Dermatology

Dermatology is the medical speciality which manages skin disease. This is a community based service which can deal with 99.5% of skin problems without the need to go to a major hospital setting. Management can involve treatments which range from simple advice and information to drug treatments and surgery.  If light treatment is recommended then we will arrange onward referral for you.  As GP specialists we have considerable knowledge and years of experience in dermatology. The service is also supported by consultant dermatologists and nurse specialists.

All the medical staff regularly attend dermatology courses to keep abreast of developments in this field. Cumbria Medical Services is committed to medical education and holds regular teaching sessions for local GPs and nurses to improve the breadth of dermatology knowledge in Cumbria.

Please note we do not treat benign lesions (Warts, Skin Tags, Cysts) for cosmetic purposes and these will need to be referred to a private provider on the need for any treatment. On rare occasions benign lesions can be treated and removed if they are causing significant problems and meet our criteria. Our Dermatologists will assess these and have the final decision on if treatment is necessary.

What to expect in the first appointment

NHS patients can only be seen in the community dermatology service if they have been referred by a GP.

We hope to see you promptly and generally on time but nearly always within 15-20 minutes of your appointment time.

We will ask appropriate questions to try to establish a diagnosis. It is important for us to know what medication you take and what creams you have used; so please do bring a list.

If you have a skin lesion which might need surgery please make a note of your availability as we may be able to give you a date for surgery at your appointment.

It is important for us to meet your expectations and concerns so we welcome your questions to ensure you leave the consultation satisfied.

There are often a number of treatment options and we are happy to explore these with you to provide what is most appropriate for you.

Information on your condition

We hope to be able to give you a skin diagnosis, but this is not always possible at the first appointment as some skin conditions take time to develop. We are keen to ensure that you do understand your condition and how to manage it, even if it cannot be completely cured. We will try to explain in plain English and either give you written information or direct you to a useful dermatology website where you can find out more, if you wish.

Follow up arrangements

We will make follow up appointments to ensure your skin condition has improved or that a skin cancer has not recurred. However, if you notice changes and feel you should be seen sooner than your set appointment, please do not hesitate to contact us and we will try to accommodate you into an earlier clinic. In many cases we are happy to review you only if you feel it is necessary. In this case we will see you at your request directly without having to go back to your GP for re-referral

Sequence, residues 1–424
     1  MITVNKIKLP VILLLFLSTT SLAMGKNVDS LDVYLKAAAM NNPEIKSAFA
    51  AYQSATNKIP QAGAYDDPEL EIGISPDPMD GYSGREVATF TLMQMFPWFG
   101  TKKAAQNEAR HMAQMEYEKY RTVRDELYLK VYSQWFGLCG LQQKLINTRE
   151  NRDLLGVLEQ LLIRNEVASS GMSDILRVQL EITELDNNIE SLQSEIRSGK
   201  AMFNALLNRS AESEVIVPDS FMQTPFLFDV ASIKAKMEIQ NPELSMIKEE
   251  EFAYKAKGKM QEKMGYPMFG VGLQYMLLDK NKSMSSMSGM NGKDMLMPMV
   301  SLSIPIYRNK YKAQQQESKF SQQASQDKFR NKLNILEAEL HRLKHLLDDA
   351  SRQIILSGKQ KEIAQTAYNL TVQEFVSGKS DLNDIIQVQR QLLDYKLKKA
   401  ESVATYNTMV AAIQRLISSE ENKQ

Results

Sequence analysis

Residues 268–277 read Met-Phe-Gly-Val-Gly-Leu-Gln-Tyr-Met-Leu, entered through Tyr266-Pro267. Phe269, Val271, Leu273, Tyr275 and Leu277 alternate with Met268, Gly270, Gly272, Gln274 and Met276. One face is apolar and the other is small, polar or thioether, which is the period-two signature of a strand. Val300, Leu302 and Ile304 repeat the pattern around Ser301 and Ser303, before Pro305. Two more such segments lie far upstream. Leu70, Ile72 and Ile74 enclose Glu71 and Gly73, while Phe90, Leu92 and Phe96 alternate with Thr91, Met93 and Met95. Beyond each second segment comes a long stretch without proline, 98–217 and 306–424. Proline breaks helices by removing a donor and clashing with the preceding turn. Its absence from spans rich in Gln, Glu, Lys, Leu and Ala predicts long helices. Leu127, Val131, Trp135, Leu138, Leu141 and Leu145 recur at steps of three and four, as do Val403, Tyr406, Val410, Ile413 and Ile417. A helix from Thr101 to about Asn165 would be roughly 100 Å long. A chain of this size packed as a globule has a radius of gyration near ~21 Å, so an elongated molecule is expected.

Diagnoses

Acne vulgaris

A common cause of spots from around the ages 12 to 25. The majority of cases can be managed by your GP, but some more severe cases require treatments only available in dermatology clinics.

For more information see:

Actinic Keratosis

See solar keratosis

Alopecia

This is a term which describes hair loss. This can happen for many reasons. Alopecia areata is an autoimmine condition that most commonly affects the scalp. It can be very difficult to treat, but some options are available.

For more information see:

Baldness

Hair loss on the scalp is normal with age – both male and female pattern baldness are common. There is limited therapeutic threatments that can be offered on the NHS.
Also see our information under ALOPECIA

For more information see:

Basal Cell Carcinoma (BCC)

This is the commonest form of skin cancer and is related to sun exposure. This is very rarely life threatening and does not metastasise (spread to other parts of the body).  It does, however, need treating as it will continue to grow. This can be treated with creams, freezing treatment or removal surgically.

For more information see:

Bowen’s Disease

This is a red scaly area with abnormal cells on the surface of the skin. There is a chance that this will progress to a skin cancer, about 5% do. This will be treated with either creams, cryotherapy or surgically.  It is important that people with Bowens disease use good sun protection. See sun and the skin.

For more information see:

Bullous Pemphigoid

This is a rare condition where blisters form on the skin, generally in people over 70. It normally lasts around 1-5 years then settles. Treatment is normally with oral steroids.

For more information see:

Cancer

Skin cancers come in many forms. The most common are Basal cell carcinomas (BCC), Squamous cell carcinomas (SCC) and Melanoma.

Cellulitis

This is a bacterial infection of the skin. Treated with either topical or tablet antibiotics normally.